The text of the much anticipated new EU General Data Protection Regulation has finally been voted through just a few hours ago by the European Parliament. All that remains is for its publication in the Official Journal, likely to be mid-May, and the two year implementation period will run from this date. For various reasons the Regulation (or something like it) will probably apply regardless of Brexit.
Day one compliance is required. Businesses should now consider the issues and changes they will need to make and use the implementation period to put them into effect, e.g. in terms of their procedures, systems and technology, in order to be ready. Some of these may involve substantial lead times, not least if transition is to be effected in an economical manner. The imminent arrival of the Regulation makes the ICO's recent list of 12 preparatory steps to take now even more pertinent. We summarise this below, with our own commentary.
Decision makers in your business need to know that important changes are coming, because of the impact on e.g. operational effectiveness, costs and risk.
An essential starting point will be to map your use of personal data, e.g. what you hold, why and where you hold it, how long it is kept for and who you share it with – and how the picture may look in 2018 and beyond. Only by having a reliable and up-to-date picture will you be in a position to start planning your GDPR compliance programme.
Can you show consent?
In many cases you need data subject consent to your use of their data. The requirements surrounding obtaining and being able to demonstrate consent to your use will be much tighter (particularly in direct marketing, use of online behavioural advertising etc – for instance "opt out" boxes will no longer be acceptable). As well as updating your IT systems to facilitate this, you may need to re-consent your marketing database and update privacy notices in time for 2018.
Is your processing justified?
You will also need to show why, legally, you are justified in holding and using each set of personal data. This will need careful analysis to make sure that where you want to use data for business purposes the necessary conditions are satisfied to legally justify its processing under GDPR.
Changes to IT systems?
- The new rules could well mean that you need to re-build your websites to make sure you get appropriate consents to your use of personal data and cookies; and then you may need to update your supporting IT systems to ensure that you can demonstrate consent if challenged;
- Data cleansing and the "right to be forgotten": you will want your systems to be capable of supporting easy rectification (or erasure) of data and (as now) suppression of direct marketing where this is requested;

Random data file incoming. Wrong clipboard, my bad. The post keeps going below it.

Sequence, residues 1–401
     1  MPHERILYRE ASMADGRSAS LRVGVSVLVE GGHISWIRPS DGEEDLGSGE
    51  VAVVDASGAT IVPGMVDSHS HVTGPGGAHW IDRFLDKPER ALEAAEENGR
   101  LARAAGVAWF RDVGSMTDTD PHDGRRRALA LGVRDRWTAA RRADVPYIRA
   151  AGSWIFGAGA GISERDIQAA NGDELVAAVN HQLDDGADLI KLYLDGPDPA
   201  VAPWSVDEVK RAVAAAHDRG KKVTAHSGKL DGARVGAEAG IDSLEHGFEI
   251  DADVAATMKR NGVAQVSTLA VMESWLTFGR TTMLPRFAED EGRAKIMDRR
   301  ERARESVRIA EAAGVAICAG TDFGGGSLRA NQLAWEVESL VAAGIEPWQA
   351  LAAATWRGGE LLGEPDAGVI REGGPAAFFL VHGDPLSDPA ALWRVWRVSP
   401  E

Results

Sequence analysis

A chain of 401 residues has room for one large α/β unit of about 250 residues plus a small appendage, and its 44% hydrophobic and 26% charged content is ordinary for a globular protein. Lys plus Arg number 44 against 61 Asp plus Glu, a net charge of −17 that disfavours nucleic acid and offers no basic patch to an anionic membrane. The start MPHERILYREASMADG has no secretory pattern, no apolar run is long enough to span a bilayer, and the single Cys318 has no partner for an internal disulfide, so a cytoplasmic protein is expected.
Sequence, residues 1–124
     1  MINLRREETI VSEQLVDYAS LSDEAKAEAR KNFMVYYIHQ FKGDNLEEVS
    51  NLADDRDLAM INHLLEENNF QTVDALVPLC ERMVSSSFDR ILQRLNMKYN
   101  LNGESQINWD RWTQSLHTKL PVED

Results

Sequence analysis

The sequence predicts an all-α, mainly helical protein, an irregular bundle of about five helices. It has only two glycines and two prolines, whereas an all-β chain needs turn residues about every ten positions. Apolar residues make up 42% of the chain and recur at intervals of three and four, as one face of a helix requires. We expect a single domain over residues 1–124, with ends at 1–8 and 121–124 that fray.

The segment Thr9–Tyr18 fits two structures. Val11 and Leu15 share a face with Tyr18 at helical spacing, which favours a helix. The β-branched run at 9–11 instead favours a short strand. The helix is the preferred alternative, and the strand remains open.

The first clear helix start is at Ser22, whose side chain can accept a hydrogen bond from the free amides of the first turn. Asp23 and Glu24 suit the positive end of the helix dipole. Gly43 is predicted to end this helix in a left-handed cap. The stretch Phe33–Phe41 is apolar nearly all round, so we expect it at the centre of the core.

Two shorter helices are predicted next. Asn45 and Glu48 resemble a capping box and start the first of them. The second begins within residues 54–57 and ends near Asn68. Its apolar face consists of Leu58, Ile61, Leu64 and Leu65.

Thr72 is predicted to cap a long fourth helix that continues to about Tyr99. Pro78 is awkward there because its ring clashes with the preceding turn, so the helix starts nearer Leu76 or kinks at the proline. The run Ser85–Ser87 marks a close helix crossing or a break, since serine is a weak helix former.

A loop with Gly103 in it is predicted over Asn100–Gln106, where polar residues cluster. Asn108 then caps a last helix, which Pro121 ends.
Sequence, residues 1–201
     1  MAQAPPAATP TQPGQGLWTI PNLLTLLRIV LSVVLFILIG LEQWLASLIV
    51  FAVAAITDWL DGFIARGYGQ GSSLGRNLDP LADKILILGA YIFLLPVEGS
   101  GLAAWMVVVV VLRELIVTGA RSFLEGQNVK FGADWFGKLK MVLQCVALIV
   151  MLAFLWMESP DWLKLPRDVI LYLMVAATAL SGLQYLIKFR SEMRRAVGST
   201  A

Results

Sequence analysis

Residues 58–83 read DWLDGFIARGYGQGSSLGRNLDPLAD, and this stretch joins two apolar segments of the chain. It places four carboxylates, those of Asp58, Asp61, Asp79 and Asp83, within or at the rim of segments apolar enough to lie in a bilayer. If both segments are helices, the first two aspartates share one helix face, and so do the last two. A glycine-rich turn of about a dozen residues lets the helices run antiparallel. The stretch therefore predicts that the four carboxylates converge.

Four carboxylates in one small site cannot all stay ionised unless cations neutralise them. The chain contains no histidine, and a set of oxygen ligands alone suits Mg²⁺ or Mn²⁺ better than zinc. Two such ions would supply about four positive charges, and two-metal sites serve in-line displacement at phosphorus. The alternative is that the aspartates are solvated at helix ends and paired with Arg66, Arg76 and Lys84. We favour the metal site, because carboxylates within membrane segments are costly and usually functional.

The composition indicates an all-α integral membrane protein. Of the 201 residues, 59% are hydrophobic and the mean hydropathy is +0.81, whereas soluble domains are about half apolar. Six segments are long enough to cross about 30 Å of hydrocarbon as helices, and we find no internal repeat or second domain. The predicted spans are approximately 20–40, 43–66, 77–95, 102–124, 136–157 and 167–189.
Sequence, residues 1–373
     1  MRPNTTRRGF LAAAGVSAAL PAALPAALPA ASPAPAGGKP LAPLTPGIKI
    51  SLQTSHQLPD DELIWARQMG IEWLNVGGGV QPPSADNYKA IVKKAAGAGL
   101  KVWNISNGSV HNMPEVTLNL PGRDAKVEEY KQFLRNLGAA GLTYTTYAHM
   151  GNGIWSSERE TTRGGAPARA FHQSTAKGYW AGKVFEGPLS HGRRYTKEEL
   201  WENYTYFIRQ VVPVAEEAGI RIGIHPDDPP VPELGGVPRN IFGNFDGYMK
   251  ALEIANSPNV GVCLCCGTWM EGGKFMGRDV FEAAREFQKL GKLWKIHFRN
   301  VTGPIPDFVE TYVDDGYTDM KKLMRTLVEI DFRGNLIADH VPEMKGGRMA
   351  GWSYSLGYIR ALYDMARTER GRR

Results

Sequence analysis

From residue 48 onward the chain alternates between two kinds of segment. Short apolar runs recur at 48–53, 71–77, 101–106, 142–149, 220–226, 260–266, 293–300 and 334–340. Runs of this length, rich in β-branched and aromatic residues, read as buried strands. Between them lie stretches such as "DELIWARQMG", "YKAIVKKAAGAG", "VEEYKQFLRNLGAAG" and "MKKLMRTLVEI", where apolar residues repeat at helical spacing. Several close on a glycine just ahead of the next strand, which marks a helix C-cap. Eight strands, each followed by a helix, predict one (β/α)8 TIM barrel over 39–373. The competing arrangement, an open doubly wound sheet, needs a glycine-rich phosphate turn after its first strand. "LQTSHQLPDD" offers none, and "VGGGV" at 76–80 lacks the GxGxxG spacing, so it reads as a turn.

- Portability: individuals will have a right to data portability in a commonly used machine readable format and to transfer it to other service providers. How will you do this?
Data protection by design, and privacy impact assessments
What is currently a recommendation from regulators will move to become binding law. You will need to show that your internal processes implement "data protection by design and by default" (e.g. the principle of data minimisation: only collect, use and retain data you need). Both existing and new types of processing may need you to carry out a privacy impact assessment where there is a high risk to individuals. This will need careful planning to embed it in your corporate culture.
Not an issue raised by the ICO, but also important: if you are entering into arrangements which may still be in place in 2018 under which you share personal data with others (joint controllers, data processors etc), you will need to consider how to "future proof" the contract terms so that you can make sure that all necessary changes are made in time, to keep you compliant.
The ICO list of things to do now contains a number of further steps which you may feel are less urgent, or which may be of more limited relevance to your business. These include (a) updating existing procedures for dealing with subject access requests; (b) if you deal with children, the rules are getting tighter, e.g. how will you verify ages? (c) there will be a legal duty to report some data breaches within a short timescale; (d) some businesses will need to appoint a data protection officer; and (e) if you operate internationally (and depending on your structure), there may be decisions to be made about which lead supervisory authority you will come under (the so-called "one stop shop") as well as needing to review how transfers of personal data outside the EEA will continue to be permitted. In addition, if your business is that of data processor, you will now have direct obligations to the regulator and to data subjects, in a way which hasn't previously been the case.
Inevitably this is a very short summary. We will be publishing more detailed guidance as well as providing training on what it all means in practice.